The past, present and future of big data in energy management
The energy world as we know it is changing and changing rapidly.
According to an Electric Power Research Institute report, there may be as much change in the next eight years as there has been in the last 25. This change is being driven by decarbonization of the economy and technology advancements, including big data and advanced analytics that trigger the development of new business models.
A gradual decarbonization of the power sector is being achieved by increasing the share of low-carbon energy sources, driven initially by incentives offered by governments and now through reducing technology costs. This decarbonization is being brought forward by shutting down large flexible dirty power plants that were connected to the transmission system and replacing them with smaller scale, inflexible renewable generation. Much of this new generation doesn’t sit on the transmission system.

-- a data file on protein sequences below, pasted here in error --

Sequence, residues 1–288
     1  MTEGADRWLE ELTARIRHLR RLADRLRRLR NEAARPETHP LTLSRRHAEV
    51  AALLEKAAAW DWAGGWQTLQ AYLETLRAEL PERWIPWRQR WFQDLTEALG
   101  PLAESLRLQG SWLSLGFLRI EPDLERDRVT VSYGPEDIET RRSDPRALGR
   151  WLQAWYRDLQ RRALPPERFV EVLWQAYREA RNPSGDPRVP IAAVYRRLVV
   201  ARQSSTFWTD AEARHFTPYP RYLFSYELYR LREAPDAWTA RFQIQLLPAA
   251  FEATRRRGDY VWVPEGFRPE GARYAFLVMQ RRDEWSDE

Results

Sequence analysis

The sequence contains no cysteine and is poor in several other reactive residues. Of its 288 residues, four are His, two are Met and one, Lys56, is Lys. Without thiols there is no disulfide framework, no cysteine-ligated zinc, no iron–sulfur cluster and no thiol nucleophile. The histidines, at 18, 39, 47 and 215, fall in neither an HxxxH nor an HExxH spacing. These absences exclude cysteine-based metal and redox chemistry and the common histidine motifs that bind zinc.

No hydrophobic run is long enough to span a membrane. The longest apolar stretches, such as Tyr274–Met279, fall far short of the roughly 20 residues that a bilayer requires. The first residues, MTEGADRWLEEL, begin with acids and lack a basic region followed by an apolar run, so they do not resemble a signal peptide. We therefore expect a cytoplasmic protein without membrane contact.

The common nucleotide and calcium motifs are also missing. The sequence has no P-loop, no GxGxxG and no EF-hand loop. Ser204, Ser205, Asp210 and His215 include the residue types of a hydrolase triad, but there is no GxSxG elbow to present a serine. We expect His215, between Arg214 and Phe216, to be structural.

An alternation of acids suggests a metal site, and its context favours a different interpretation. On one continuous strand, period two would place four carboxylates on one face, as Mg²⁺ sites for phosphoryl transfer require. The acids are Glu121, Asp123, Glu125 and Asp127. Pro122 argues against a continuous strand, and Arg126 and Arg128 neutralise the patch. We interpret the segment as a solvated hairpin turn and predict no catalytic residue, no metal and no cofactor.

In the UK, National Grid is responsible for ensuring that the system remains in balance (within +/-1% of 50Hz). It has a wealth of experience of predicting demand, and historically has been able to easily match this demand with large-scale flexible supply, and by calling on generation to balance the system – sometimes literally by telephone.